The outcome would have been weaker, the IMF says, had it not been for the sizable response from governments and central banks that maintained household incomes, protected cash flow for firms and supported lending.
The global economy is “coming back” the International Monetary Fund said on Tuesday, but warned that the road to recovery from the COVID-19 pandemic will likely be long and uncertain with “uneven recoveries” in emerging and developing economies significantly worsening the prospects for redressing income inequality within and between nations.
In its latest World Economic Outlook, the IMF revised its forecast for global growth to negative 4.4 percent this year a less severe contraction than the negative 5.2 percent it had forecast in June, but still on track for the worst performance since the Great Depression [Chart above]. The IMF’s forecast assumes that social distancing due to the coronavirus pandemic will continue into 2021, and that local transmission will fall everywhere by the end of 2022.
The International Monetary Fund has scaled back its estimate of the hit to the global economy from Covid-19 this year but warned that the final bill for the pandemic would total $28tn (£21.5tn) in lost output.
The IMF’s projection assumes that social distancing due to the coronavirus pandemic will continue into 2021, and that local transmission will fall everywhere by the end of 2022. National debt in advanced economies is set to reach 125% of GDP by the end of 2021 and to rise to about 65% of GDP in emerging markets during the same period [Chart above].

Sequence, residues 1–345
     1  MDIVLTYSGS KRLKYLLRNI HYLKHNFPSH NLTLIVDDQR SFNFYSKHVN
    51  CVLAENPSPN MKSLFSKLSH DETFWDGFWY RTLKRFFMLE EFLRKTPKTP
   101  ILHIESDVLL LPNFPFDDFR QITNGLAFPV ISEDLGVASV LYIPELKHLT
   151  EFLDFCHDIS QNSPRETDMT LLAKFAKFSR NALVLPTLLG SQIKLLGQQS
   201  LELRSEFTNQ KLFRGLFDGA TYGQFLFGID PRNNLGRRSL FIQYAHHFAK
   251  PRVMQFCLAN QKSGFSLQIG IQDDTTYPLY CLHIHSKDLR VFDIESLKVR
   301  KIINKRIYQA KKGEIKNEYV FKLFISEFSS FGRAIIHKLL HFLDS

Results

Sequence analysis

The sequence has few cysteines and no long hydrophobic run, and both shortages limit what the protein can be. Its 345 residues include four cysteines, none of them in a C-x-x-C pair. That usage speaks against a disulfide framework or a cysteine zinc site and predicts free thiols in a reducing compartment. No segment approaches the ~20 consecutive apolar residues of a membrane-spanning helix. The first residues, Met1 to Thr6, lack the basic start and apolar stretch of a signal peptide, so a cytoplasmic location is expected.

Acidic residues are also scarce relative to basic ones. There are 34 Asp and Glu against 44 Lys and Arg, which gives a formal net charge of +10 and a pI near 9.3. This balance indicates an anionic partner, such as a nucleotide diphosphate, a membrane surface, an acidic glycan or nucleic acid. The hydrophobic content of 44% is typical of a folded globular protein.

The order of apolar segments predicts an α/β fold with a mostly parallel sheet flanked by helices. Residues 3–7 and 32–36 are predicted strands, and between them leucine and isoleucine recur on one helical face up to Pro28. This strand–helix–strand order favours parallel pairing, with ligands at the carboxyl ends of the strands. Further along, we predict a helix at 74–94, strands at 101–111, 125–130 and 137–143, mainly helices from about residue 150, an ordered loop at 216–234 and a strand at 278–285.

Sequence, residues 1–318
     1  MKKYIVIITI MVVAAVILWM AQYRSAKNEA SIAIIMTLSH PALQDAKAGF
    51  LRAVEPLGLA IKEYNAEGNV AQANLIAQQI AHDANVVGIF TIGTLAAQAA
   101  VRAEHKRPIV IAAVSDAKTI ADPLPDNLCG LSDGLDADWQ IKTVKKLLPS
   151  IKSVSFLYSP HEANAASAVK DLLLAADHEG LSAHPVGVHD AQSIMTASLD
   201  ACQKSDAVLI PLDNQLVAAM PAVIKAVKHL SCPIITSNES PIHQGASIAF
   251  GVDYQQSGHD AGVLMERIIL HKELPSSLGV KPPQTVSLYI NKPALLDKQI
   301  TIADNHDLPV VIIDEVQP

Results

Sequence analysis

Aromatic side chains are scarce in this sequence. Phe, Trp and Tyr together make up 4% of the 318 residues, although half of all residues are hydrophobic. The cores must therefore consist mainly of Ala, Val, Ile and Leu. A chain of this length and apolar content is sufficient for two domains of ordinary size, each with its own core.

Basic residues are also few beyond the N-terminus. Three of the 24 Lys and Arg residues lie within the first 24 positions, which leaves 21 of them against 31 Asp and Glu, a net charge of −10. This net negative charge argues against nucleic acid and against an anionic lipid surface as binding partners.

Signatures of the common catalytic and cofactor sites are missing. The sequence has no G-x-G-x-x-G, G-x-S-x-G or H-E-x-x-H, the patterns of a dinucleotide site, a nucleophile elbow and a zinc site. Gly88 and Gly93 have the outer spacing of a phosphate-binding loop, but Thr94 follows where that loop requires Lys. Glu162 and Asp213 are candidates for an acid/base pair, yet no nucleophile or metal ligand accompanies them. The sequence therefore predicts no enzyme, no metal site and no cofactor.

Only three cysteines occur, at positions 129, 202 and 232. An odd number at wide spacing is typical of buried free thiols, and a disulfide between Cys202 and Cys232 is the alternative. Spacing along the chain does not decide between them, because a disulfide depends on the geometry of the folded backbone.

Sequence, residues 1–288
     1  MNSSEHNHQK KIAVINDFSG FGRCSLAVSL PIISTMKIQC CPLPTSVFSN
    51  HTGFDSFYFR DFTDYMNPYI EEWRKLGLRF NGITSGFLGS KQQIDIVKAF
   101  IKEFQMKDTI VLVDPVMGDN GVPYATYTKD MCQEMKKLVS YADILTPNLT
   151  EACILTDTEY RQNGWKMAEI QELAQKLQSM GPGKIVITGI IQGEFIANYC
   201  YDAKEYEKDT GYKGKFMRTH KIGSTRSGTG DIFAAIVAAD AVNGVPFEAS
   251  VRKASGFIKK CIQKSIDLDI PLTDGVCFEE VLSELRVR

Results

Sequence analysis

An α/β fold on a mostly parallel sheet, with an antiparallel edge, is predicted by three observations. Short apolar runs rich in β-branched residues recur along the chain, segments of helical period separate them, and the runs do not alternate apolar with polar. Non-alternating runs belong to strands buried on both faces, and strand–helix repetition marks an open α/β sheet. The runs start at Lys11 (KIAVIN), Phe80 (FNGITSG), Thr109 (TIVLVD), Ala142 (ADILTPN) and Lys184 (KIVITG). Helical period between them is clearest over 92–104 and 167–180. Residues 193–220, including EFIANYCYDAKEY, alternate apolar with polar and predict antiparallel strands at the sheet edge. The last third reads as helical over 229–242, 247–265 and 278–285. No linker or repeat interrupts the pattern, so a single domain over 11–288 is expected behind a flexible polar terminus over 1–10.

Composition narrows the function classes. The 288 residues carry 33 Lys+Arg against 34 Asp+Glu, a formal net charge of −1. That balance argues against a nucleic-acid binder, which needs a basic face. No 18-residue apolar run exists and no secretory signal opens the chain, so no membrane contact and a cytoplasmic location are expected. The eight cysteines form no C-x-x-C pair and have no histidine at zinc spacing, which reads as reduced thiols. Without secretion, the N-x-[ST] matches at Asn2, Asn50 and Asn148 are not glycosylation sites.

The big departure from the pattern of upgrades is India and some developing economies in South-East Asia. India experienced a particularly sharp decline in economic activity in the second quarter of this year.
The IMF is forecasting a less severe global recession but warns of a growing recovery gap between rich and poor within countries and between wealthy and poorer nations.
Inequality is also likely to increase, the report says. The crisis has particularly affected women, people with precarious employment, and those with relatively lower educational attainment.
In addition, the IMF mentioned that geopolitical tensions, trade friction, natural disasters, changes to financing conditions and further outbreaks remain downside risks to its projections.